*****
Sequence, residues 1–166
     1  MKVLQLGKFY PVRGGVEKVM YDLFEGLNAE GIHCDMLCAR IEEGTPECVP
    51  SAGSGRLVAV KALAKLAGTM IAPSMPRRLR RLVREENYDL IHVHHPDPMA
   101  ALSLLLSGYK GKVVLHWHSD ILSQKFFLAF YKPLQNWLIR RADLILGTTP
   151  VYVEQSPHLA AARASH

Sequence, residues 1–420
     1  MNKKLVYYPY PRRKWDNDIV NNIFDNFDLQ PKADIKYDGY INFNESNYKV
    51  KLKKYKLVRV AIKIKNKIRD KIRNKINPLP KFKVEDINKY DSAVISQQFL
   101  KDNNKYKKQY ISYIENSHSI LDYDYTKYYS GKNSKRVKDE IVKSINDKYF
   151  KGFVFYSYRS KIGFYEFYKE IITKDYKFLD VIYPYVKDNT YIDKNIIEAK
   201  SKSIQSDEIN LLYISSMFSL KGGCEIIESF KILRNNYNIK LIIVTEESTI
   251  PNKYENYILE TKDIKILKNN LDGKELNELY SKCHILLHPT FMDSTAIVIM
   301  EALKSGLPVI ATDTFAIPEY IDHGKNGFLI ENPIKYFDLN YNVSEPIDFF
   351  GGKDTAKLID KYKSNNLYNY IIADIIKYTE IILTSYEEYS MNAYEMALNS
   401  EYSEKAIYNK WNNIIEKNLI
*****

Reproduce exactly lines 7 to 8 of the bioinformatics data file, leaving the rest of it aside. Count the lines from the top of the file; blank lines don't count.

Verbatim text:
     1  MNKKLVYYPY PRRKWDNDIV NNIFDNFDLQ PKADIKYDGY INFNESNYKV
    51  KLKKYKLVRV AIKIKNKIRD KIRNKINPLP KFKVEDINKY DSAVISQQFL